[Talk-us] Park Boundary tagging

stevea steveaOSM at softworkers.com
Fri Mar 1 22:31:20 UTC 2013


Greg Troxel <gdt at ir.bbn.com> writes:

>I agree that boundary=national_park is confused, and to first order 
>I think we should get rid of it.  The first question is whether it's 
>tagging a boundary, which is a line feature, or whether it is 
>tagging the polygon.  If it's a boundary, it should be tagging the 
>line feature, and it's a bug for that to affect the rendering of the 
>area.  But that's how it is used now.

OSM's wiki lists elements (primitives) as points, ways (open 
polyline, closed polyline or area), and relations, all of which can 
have tags, plus relations have members with optional roles.  OK, we 
understand this.

OSM's wiki lists seven values for the boundary key:  administrative 
(where admin_level is an associated key), maritime, national_park, 
political, postal_code, protected_area, and "user defined," where 
taginfo lists all of the above being used ("administrative" makes up 
over 91% of boundary= usage), plus hundreds of others.  Also, taginfo 
lists boundary=national_park as being used about 11,000 times (1.25% 
of the ~one million times the boundary tag is used): 
boundary=national_park is both documented and well-used.

Each of those seven values for key boundary is documented to be of 
element "area" (with the exception of boundary=user defined, where it 
is given greater freedom to be assigned to primitives of points and 
open polylines).  So for Greg to assert that "if it is a boundary, it 
should be tagging the line feature, and it's a bug for that to affect 
the rendering of the area" just flatly contradicts our wiki.  To 
summarize, the boundary tag absolutely positively defines areas, not 
"line features" (ways as open polylines).  I completely disagree with 
Greg's conclusion above, but I'm still listening to and participating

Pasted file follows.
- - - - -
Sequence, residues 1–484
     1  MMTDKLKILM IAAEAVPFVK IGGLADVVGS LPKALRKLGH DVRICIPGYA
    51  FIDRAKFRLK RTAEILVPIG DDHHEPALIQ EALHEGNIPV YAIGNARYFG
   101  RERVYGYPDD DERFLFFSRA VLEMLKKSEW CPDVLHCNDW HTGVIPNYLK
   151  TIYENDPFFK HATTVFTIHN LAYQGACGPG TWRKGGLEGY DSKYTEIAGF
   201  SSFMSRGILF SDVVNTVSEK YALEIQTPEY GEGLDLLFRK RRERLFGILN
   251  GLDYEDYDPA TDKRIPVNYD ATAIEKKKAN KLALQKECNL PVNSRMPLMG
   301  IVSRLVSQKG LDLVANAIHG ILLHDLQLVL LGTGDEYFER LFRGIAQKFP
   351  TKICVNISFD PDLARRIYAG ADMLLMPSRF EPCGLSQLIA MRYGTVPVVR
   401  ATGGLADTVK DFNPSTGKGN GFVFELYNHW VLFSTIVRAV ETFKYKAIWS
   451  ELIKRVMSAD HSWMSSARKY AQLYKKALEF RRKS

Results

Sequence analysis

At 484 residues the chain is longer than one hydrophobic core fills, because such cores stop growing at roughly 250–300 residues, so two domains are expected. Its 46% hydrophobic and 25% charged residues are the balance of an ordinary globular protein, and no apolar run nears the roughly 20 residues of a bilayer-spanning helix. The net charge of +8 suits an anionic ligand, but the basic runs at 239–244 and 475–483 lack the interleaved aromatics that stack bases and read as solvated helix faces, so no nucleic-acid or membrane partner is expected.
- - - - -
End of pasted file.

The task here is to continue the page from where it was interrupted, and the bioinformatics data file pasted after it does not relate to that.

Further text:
in this discussion.

>I think national parks should have landuse=conservation 
>leisure=nature_reserve like all other conservation/human-use-also 
>areas.

The wiki page for tag "Conservation" is just a stub and points right 
back to "boundary=national_park" and "boundary=protected_area."  The 
latter is actually a fairly well-developed scheme, though new-ish to 
OSM, even if it is not well-supported by the standard (mapnik) 
renderer.  As I mentioned, the former (boundary=national_park) IS 
well-supported by mapnik.

>If we do want to tag park boundaries, I think we should step back 
>and ask why, and then have a coherent park boundary scheme. 
>national parks, state parks, municipal parks are in some sense 
>really all the same,
>except different levels of government own and administer them.  I 
>agree that national parks are a bigger deal socially, but I don't 
>see a big enough distinction to have a special top-level tag.

Here, Greg and I agree:  a coherent park boundary scheme is what we 
are discussing, and it needs improvement in both development of a 
sensible tagging syntax, and support for that in mapnik render rules. 
That tagging syntax will likely include harmonization of the 
following "top-level" tags:  boundary (including the "combo tag" 
admin_level), leisure, and possibly landuse, though by no means is 
this list meant to be complete.  Accordingly, I have changed this 
thread title from "Wilderness Data" to "Park Boundary tagging."

>I think it's also confusing for our international comrades that we 
>use park in two totally different senses:
>
>   national park, which is about a balance conservation/preservation and access
>   local park, which is often a "leisure=recreation_ground" and not 
>necessarily conservation (ball fields, etc.)
>   local consevation area, which is not called park, even though it's 
>far more like a national park in character (but not scale) compared 
>to a local park

So let's collect tags and do a "here's what's used" vs. "here's what 
we want to convey" matrix.  I won't start that more technical aspect 
now, because I agree with you (again) that we should "step back and 
ask why" we want to tag park boundaries.  So, why do we?  Well, one, 
to show that we conserve land.  Two, to delineate boundaries where we 
might recreate on that land.  Beyond those, it blurs into nearly 
endless detail.  Well, OK, three:  we might also discuss (again I'm 
agreeing with Greg) that "different levels of government own and 
administer (parks)."  If we stick to those basic tenets, I think we 
can do this.

The new thread begins.  Let's discuss.

SteveA
California



More information about the Talk-us mailing list